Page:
English in Africa - Volume 42, Issue 3, 2015
Volumes & issues
Volume 42, Issue 3, 2015
Author Tony VossSource: English in Africa 42, pp 7 –8 (2015) http://dx.doi.org/10.4314/eia.v42i3.1More Less
In recognition of some closely contemporary anniversaries - the centenary of the Native Lands Act, the 20th anniversary of South Africa's first free and fair elections, the 180th anniversary of the abolition of slavery in the British Empire and the 60th anniversary of the Freedom Charter - contributions were invited to this issue of English in Africa, under the title "[South] Africa: [the] Emancipation Moment[s]," exploring "how the phenomenon of emancipation has been perceived" (Davis) in the texts and other social, cultural and political occasions which fall into or arise from the field of vision of the journal. In the event our contributors, for the most part, have found their matter in three distinct phases of South Africa's late colonial and post-colonial history: segregation, apartheid and democracy.
Author Shane MoranSource: English in Africa 42, pp 9 –42 (2015) http://dx.doi.org/10.4314/eia.v42i3.2More Less
As sites of cultural memory's crystallisation the texts of Sol Plaatje are vulnerable to manipulation and appropriation. Where those engaged in the anti-apartheid struggle found in Plaatje resources for resisting racial oppression, post-apartheid readings have detected the presentiment of liberation and reconciliation. Simultaneously Plaatje circulates as a model of principled rectitude with which to admonish the corrupt and a shield vindicating the maligned integrity of the political elite. This essay aims to loosen the bonds of these investments by reframing Plaatje as a tactician of resistance. Mhudi is interpreted against the mutually reinforcing criticism of his naïve appeal to morality and lauding of his unerring sense of justice. The hypothesis is that the literary critical debate around Plaatje's resistance mirrors the complementary idealisms at work in competing diagnoses of the problems of contemporary South Africa.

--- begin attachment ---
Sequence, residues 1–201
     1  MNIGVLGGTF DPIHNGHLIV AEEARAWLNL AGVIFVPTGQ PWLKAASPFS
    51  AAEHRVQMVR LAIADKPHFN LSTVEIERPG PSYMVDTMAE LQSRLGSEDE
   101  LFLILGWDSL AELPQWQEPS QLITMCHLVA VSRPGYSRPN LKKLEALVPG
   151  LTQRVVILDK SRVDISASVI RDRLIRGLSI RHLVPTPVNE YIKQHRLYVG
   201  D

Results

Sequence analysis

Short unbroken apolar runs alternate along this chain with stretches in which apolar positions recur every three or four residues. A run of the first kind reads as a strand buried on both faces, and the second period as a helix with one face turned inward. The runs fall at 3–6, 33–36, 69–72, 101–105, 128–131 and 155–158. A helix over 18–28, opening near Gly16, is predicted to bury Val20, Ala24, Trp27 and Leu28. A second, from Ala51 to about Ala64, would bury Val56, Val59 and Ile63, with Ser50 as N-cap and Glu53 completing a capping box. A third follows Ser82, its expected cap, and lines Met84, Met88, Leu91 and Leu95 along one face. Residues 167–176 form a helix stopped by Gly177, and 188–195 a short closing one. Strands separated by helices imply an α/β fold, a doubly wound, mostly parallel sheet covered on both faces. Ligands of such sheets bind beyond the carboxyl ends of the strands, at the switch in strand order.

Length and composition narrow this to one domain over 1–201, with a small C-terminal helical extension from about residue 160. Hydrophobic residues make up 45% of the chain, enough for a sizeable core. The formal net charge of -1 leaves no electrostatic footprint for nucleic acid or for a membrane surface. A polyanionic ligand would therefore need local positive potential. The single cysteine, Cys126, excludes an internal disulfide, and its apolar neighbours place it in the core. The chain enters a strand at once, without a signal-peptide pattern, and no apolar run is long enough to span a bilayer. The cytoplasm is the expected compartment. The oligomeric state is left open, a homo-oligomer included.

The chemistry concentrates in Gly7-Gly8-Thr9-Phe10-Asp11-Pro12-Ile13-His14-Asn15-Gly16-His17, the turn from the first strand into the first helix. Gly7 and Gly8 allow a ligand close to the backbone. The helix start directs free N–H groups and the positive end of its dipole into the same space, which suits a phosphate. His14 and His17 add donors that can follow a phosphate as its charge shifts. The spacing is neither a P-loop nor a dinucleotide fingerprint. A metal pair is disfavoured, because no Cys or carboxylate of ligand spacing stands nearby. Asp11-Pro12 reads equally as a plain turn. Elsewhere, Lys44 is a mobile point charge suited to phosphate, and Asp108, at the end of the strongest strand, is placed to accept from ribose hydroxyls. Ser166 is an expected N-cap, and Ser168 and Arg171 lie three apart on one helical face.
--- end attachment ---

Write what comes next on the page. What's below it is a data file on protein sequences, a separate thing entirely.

Author David JohnsonSource: English in Africa 42, pp 43 –69 (2015) http://dx.doi.org/10.4314/eia.v42i3.3More Less
The language of the Industrial and Commercial Workers Union (ICU) and its leader Clements Kadalie is examined. The article analyses afresh the ICU archive - the articles, manifestoes, speeches, memoirs and letters of Kadalie and his ICU comrades in the 1920s and 1930s. Two questions guide discussion. How did the language of the ICU challenge the religious, literary and political discourses of white South Africa? And, did the ICU leaders generate a distinctive language of freedom? The theoretical insights of inter alia Walter Rodney, James C. Scott and Howard Caygill into the languages of resistance and liberation inform the discussion of the ICU's language. In conclusion, the resonances of the ICU's language of freedom is assessed in relation to the public discourses of post-apartheid South Africa.
Emancipation and "the Great Wheel of Labour" : enduring liminality in Rayda Jacobs's The Slave Book (1988) and a painting of two slave women (1859) by Thomas BainesAuthor Neville SmithSource: English in Africa 42, pp 71 –88 (2015) http://dx.doi.org/10.4314/eia.v42i3.4More Less